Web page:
Pain is a fact of life that all of us will experience at some point, whether from a significant event like major surgery or a chronic condition, or from a more inconsequential injury like shin splints or a rolled ankle. Defined as an unpleasant sensory and emotional experience associated with actual or potential tissue damage, pain affects not only your physical health, but your mental health as well. So, how can you cope with and recover from pain in a healthy way?
Let’s discuss some basics first:
Types of pain
Pain can manifest as anything from a dull ache to a sharp, stabbing sensation, and can vary in intensity. There are two main types of pain that we will experience throughout our lives: chronic pain and acute pain.
● Acute pain is a normal response to a medical condition or an injury. This type of pain comes on suddenly and is short-lived, typically lasting less than 12 weeks. Acute pain will dissipate when there is no longer an underlying cause. Causes of acute pain include surgery, broken bones, dental work, burns or cuts and childbirth.
● Chronic pain is ongoing pain lasting longer than six months, beyond the time expected for healing. This pain can continue even after the underlying injury or illness has healed or gone away. Pain signals may remain active for weeks, months and even years. Some people may experience chronic pain without any previous injuries or damage to the body. Chronic pain is linked to certain conditions like headache, arthritis, cancer, nerve pain, back pain and fibromyalgia.
Not only can pain affect your emotional well-being, but it may work the other way around, too — studies suggest that your emotional state can impact your experience of pain. Understanding the cause of your pain and learning how to effectively cope with it can help you live a more fulfilling life.
Depending on the severity, pain management strategies may include:
● Medications: Your healthcare provider may recommend specific medications to relieve your pain and discomfort depending on its origin. Antibiotics can help treat underlying infections, muscle relaxers help to ease spasms and anti-inflammatory drugs help reduce swelling in the body. Make sure you follow your healthcare provider’s instructions to effectively treat your pain and its underlying cause.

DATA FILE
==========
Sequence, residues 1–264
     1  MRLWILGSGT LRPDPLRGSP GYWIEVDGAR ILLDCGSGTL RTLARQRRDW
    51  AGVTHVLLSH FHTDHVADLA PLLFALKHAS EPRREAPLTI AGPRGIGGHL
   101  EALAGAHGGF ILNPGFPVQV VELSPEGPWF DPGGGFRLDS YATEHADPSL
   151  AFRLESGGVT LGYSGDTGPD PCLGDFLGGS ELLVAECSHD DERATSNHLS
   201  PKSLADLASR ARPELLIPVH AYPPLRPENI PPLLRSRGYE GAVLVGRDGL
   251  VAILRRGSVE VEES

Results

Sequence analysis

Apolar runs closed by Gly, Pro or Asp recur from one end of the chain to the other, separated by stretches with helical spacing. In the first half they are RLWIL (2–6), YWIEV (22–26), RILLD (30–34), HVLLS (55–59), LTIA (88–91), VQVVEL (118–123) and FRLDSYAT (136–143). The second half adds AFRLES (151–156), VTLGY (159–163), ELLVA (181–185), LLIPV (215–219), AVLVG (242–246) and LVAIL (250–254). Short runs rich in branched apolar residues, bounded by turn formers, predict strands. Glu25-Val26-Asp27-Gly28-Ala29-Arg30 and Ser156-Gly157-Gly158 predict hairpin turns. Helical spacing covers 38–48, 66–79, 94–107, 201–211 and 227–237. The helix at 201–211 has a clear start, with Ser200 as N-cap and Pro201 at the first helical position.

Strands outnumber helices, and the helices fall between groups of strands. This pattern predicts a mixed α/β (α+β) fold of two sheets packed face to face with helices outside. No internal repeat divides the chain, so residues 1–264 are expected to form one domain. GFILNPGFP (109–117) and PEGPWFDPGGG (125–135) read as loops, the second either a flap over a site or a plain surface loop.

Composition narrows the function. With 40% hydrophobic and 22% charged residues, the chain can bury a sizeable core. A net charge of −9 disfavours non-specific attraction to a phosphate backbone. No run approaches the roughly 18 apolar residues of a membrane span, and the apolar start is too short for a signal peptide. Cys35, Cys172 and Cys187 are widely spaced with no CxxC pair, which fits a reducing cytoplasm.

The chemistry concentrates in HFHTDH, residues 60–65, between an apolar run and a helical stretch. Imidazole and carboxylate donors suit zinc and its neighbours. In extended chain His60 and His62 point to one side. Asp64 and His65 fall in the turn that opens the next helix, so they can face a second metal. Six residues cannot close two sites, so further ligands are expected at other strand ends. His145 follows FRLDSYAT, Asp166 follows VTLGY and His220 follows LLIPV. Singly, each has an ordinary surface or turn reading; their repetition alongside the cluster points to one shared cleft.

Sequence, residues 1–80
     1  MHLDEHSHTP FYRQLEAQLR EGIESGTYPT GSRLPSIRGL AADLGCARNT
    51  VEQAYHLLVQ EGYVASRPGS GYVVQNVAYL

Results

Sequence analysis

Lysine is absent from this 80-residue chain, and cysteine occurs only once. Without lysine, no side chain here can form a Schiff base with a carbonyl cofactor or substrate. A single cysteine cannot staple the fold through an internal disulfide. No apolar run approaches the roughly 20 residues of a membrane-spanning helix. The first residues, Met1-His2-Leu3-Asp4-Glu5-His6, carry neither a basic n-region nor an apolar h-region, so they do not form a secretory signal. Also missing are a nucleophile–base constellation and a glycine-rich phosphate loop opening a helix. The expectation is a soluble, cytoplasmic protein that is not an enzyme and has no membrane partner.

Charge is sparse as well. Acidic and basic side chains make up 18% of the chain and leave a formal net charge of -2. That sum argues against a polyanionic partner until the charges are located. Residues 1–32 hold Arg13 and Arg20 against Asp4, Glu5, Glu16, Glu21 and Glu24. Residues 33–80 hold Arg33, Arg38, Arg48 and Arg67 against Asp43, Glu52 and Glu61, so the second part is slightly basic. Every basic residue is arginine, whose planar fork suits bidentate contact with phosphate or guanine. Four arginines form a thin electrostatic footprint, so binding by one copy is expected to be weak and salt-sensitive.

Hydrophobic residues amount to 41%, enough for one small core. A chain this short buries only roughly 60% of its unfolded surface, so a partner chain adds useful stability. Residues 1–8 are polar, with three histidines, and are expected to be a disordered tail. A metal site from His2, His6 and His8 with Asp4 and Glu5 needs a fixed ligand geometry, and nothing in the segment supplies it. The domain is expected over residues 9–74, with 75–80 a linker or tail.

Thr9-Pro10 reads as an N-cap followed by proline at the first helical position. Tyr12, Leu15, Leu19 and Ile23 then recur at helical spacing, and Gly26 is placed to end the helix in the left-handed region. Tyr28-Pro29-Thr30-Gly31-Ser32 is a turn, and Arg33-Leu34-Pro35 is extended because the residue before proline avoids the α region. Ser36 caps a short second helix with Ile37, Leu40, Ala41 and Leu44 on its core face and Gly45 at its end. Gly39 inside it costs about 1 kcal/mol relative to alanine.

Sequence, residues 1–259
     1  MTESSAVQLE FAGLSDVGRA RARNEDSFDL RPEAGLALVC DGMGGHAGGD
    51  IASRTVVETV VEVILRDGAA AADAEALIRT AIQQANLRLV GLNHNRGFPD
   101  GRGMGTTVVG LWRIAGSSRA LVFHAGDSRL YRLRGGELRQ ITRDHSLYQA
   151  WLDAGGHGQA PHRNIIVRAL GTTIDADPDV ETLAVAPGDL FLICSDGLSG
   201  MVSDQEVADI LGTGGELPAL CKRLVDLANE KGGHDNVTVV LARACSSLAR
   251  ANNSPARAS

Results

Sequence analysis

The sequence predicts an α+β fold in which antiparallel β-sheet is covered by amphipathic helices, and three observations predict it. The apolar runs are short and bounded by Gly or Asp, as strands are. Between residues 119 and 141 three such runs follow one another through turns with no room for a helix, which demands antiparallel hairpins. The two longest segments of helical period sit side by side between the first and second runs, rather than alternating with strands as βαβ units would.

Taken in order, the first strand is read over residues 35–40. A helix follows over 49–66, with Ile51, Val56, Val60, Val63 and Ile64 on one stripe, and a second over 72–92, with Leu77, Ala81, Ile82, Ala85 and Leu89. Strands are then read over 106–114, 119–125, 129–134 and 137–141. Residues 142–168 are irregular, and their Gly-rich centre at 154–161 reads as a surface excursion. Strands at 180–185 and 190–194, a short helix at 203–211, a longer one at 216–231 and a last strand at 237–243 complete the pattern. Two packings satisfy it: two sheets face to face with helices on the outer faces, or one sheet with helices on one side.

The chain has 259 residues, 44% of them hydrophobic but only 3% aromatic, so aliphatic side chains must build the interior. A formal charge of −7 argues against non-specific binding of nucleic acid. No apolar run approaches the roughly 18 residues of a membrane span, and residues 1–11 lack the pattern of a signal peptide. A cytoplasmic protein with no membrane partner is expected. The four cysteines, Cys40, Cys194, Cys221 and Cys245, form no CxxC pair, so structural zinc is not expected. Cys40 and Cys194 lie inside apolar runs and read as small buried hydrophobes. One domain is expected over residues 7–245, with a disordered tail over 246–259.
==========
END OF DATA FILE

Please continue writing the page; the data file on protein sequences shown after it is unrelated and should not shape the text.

● At-home remedies: Minor pain from injuries to bones or muscles may be treatable at home using the RICE method — rest, ice, compression and elevation. As you rest, apply ice or a cold compress to decrease swelling and pain. Compressing the area by wrapping it with an elastic bandage may also ease swelling.
● Exercise: When you’re in pain, your first instinct is to give yourself a break and rest. Unfortunately, reduced physical activity over a prolonged period can lead to a reduction in muscle strength, leading to potentially more pain and more rest needed to recover. Gentle forms of exercise like walking, swimming or yoga can help to ease some of your pain by slowly building back muscle strength and flexibility while reducing fatigue, pain sensitivity and inflammation.
● Counseling and therapy: Physical pain can take a toll on your mental health as well as your physical health — you may find yourself feeling tired, anxious or depressed, which may worsen the pain you’re experiencing. Cognitive behavioral therapy (CBT) can help you manage your pain by changing how your mind reacts to it. By replacing negative thoughts and behaviors with positive, productive perception and coping skills, you can change your awareness and thus your experience of your own pain. Other forms of therapy, counseling or meditation can also help you manage the emotions caused by your pain.
● Hands-on treatment: For a more direct approach to pain relief, you may choose physical therapy, massage, acupuncture or Osteopathic Manipulation Treatment (OMT), all of which are designed to reduce pain, improve alignment and help your body function better overall.
● Lifestyle changes: Certain lifestyle changes can alleviate some of your pain or discomfort. If you carry extra weight or have obesity, for example, losing weight can help ease certain types of pain. Studies suggest that dropping just one pound alleviates four pounds of pressure on the knees, and that arthritis patients experience better pain relief and overall function after losing weight. It’s also important to prioritize sleep, since your body uses that time to rest and repair after a long day. Reducing your alcohol consumption also allows for better sleep and makes room for more positive coping mechanisms.